Esfahani studied musicology and history at Stanford University, where he first came into contact with the harpsichord in the class of Elaine Thornburgh. Following his decision to abandon the law for music, he studied harpsichord privately in Boston with Peter Watchorn before completing his formation under the celebrated Czech harpsichordist Zuzana Růžičková. Following a three-year stint as Artist-in-Residence at New College, Oxford, he continues his academic associations as an honorary member at Keble College, Oxford, and as professor at the Guildhall School of Music and Drama in London. He can be frequently heard as a commentator on BBC Radio 3 and Radio 4 and as a host for such programs as Record Review, Building a Library, and Sunday Feature, as well as in live programmes with the popular mathematician and presenter Marcus du Sautoy; for the BBC’s Sunday Feature he is currently at work on his fourth radio documentary following two popular programmes on such subjects as the early history of African-American composers in the classical sphere and the development of orchestral music in Azerbaijan. Born in Tehran in 1984 and raised in the United States, he lived in Milan and then London for several years before taking up residence in Prague.
This biography is for information only and should not be reproduced.
Martinů, Krása & Kalabis: Harpsichord Concertos, Hyperion (CDA68397)
Released 3rd February 2023
I may be genetically conditioned to adore this repertoire, but this new album from Mahan Esfahani is an unalloyed joy from first chord to last. Martinů, Krása and Kalabis all on one programme: what’s not to like? Of course, sometimes expectations run wild ahead of actuality, but not here. If I encounter an album as good as this one this year I will be overjoyed!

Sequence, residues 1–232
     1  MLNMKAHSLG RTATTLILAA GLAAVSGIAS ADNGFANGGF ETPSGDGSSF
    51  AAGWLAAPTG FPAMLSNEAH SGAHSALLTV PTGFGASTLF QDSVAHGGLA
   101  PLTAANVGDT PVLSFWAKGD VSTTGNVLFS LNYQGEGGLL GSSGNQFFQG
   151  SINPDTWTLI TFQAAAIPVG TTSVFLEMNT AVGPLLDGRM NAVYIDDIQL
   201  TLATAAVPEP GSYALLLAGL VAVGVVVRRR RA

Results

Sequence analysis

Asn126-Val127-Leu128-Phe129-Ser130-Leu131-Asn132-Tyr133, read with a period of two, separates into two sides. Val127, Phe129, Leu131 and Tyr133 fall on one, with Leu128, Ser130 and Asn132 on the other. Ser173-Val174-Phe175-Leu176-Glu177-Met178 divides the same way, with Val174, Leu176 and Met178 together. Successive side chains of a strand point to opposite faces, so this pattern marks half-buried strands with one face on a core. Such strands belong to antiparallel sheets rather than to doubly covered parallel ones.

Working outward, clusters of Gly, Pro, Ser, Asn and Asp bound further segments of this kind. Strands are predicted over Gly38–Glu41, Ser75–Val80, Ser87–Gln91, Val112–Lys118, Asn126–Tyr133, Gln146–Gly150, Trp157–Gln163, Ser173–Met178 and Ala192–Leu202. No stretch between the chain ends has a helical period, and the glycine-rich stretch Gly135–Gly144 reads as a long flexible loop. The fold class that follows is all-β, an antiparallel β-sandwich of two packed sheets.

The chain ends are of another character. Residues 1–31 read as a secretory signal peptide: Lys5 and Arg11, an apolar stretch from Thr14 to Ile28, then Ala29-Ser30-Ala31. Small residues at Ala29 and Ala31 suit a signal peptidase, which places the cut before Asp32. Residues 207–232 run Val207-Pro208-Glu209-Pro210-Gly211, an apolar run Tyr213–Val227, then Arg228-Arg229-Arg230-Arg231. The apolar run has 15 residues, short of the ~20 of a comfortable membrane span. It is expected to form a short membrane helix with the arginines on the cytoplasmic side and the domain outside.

...Martinů’s music almost always smiles good-naturedly, but in this beautifully nimble account it positively beams. The accompanying ensemble is relatively modest – eight strings, flute, bassoon and piano (played by Ivo Kahánek, no less) – but what other composer would create a chamber concerto for harpsichord with an orchestral piano nestling in the accompaniment? Esfahani and conductor Alexander Liebreich achieve a remarkably balanced, warm sound, each line and texture precise and needle-sharp...
Hindemith did not, so far as I am aware, write for the harpsichord, but had he penned a chamber concerto for it in the 1920s or ’30s it would surely have sounded much like Hans Krása’s delightful diptych for harpsichord and seven instruments (1936). Bearing the Hindemithian title of Kammermusik, it was partly based on a song Krása had composed a few years before. On first hearing, there is a feeling of incompleteness, as if a robust finale somehow failed to materialise, but familiarity shows that Krása got it spot on.
Spot on well describes the final and largest item here, Viktor Kalabis’s 1975 Concerto for his wife (and Esfahani’s teacher and mentor), the late, great Zuzana RůŽičková. Esfahani writes so movingly in the booklet of the composer and this most personal of his works, and it is magnificently played, every bit as splendid as RůŽičková’s and Kalabis’s own account (Supraphon, 7/13) – but with finer sound – and more than a match for Jory Vinikour’s fine if occasionally more cautious rival (Cedille, 10/19). Here, as throughout, the Prague Radio Symphony Orchestra’s accompaniment is sensitive and ideal, and Esfahani plays like an angel.
Guy Rickards, Gramophone